Carolyn Haines is no stranger to Femmes readers. The USA Today-bestselling author has shared her insights on writing with us before. This week she is launching a new (well, not completely new) venture in her publishing career. For a number of years, she wrote a series of romantic mysteries with a feline hero, Fear Familiar. These books were published under the Caroline Burnes byline. Recently Carolyn decided to bring Familiar back by republishing a few of his adventures and making them available again. In addition Carolyn, along with some writer friends of hers, are going to be chronicling the adventures of Trouble, Familiar's son -- who manages to get into mysteries just like his father.
Carolyn, besides being a critically acclaimed, prolific writer, has also been a teacher of writing. She has always stressed the importance of "story" in writing, and I couldn't agree more. But here's what Carolyn herself has to say on the subject.
THE POWER OF STORY
I believe that stories have the power to change the heart -- and the reality -- of a reader. It’s a staggering possibility, isn’t it? That someone skilled at storytelling could sway the heart and mind of another person. It’s a skill that politicians envy and writers hone. All great teachers and leaders use stories to motivate their audiences. Preachers too. We all know the power of a great orator, but at the root of great oratory and communication skills there is always story. A string of facts never has the power of one great anecdote or story that exemplifies those facts. Humans respond to story.
As writers and readers, I think we have to give this idea a lot of thought. Because what we write can impact people for good or for bad. And we also have to think about an audience’s willingness to be swayed in one direction or another.
I think back to the first story that marked me greatly. BAMBI. I was seriously upset by this story of a fawn whose mother is shot by hunters. To this day I have no use for hunting of any kind. I have no comprehension of hunting for sport or pleasure. Did BAMBI turn me into an anti-hunter, or was I affected so deeply by the story (as a three-year-old) because I already understood, deep down, that hunting—to me—is morally reprehensible?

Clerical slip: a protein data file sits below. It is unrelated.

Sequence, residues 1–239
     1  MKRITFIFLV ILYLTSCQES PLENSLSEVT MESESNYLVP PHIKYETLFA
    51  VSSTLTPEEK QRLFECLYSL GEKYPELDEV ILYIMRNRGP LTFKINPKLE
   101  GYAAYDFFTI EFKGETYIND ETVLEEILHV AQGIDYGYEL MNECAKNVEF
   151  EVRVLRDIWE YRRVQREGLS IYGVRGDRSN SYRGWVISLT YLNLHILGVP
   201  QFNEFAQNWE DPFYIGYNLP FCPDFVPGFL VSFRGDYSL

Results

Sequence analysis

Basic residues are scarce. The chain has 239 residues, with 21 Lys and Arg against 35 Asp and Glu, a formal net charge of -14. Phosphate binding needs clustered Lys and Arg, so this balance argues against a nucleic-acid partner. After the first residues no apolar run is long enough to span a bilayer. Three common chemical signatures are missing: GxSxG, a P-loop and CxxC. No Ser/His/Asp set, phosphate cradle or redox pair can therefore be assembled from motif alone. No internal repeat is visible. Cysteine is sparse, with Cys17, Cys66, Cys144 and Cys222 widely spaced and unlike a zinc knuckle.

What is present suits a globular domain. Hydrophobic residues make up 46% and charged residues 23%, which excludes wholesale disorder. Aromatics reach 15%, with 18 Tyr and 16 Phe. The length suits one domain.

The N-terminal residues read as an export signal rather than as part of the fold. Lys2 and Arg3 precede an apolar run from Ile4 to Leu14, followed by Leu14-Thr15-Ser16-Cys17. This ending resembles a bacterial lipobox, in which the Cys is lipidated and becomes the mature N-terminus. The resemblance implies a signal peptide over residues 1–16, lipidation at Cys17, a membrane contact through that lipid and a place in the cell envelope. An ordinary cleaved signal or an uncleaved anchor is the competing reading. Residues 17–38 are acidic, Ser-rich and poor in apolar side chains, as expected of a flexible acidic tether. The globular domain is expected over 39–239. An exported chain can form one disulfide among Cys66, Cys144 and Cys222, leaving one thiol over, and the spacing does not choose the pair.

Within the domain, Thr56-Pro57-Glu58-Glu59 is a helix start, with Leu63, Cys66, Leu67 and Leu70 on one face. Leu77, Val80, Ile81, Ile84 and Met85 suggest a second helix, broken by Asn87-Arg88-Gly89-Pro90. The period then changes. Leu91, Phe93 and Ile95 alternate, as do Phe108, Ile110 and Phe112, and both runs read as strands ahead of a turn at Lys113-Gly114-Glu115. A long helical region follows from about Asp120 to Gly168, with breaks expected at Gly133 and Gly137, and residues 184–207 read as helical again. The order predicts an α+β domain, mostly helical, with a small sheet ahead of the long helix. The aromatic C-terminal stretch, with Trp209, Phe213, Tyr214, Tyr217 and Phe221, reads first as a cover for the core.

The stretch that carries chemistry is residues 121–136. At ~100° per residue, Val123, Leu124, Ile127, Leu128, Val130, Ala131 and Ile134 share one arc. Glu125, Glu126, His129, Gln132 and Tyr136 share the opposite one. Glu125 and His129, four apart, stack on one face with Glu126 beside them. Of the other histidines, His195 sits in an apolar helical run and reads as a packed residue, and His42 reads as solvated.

OLD YELLER, THE YEARLING, CALL OF THE WILD—these were all books that marked me with a deeper consciousness of the intelligence of animals and the bond of responsibility between humans and animals. These stories broke my heart, but they also engaged an animal activism in me that continues to be a huge part of my life.
BLACK BEAUTY, KING OF THE WIND, NATIONAL VELVET, are responsible for the person I am today.
I can think of a number of other hallmark books that changed my view of life. Leon Uris’s TRINITY brought home the struggles in Ireland in a visceral way. And the movie RYAN’S DAUGHTER also had a huge impact on me on that same subject. David Lean’s cinematography was incredible.
Charlaine Harris’s Sookie Stackhouse books made me see vampires in the light of the racial discrimination that has infected our society. In Sookie’s world, vampires suffer the same prejudice that blacks and others have often faced.
In fact, most of my major beliefs have been shaped and bolstered by fiction. Not facts, but fiction. Because fiction allows me to feel so that the facts become personal experience.
I can know all the facts about something, but it isn’t until I understand it emotionally that it becomes woven into the fabric of who I am.
I read GONE WITH THE WIND, the epic historical novel, when I was in high school. I fell in love with the story on the first page. At that time, it had never really occurred to me that a person (Scarlett) could spend her life loving the wrong man—and bring such misery to everyone around her because she failed to understand who she truly was.
It’s a theme that comes back to me again and again. Know what you want. Know what you need. Know who you are. While many view Scarlett as a fascinating character set in a sweeping novel, my relationship with her is much deeper. I learned a great deal from her. I was able to take her experiences and mistakes and look at my life through them.
All of this goes back to the stories we tell ourselves. My younger brother and I shared the same experience, but we both have different stories about what occurred and how it applies to our individual lives. Reality through the filter of emotion and the need to believe certain things is a fascinating subject. Law enforcement officials and prosecutors will tell you, if they are being honest, that an eye witness to an event is not always a reliable source. People sometimes see what they want to see or expect to see.
The remarkable thing about a book is that thousands of people can share the same experience, shaped by the author’s skillful hand. When an author is able to connect a story so powerfully that it changes a person’s world view—just one single person--that is an extraordinary power.
The pen is mightier than the sword, if the pen is wielded by a skillful hand and someone with something important to say.
Have you been affected by a book (or movie)? Have you read or experienced a situation through a story that has profoundly impacted you? Let me know the books that changed your world view. I think this power is always worth discussing and celebrating.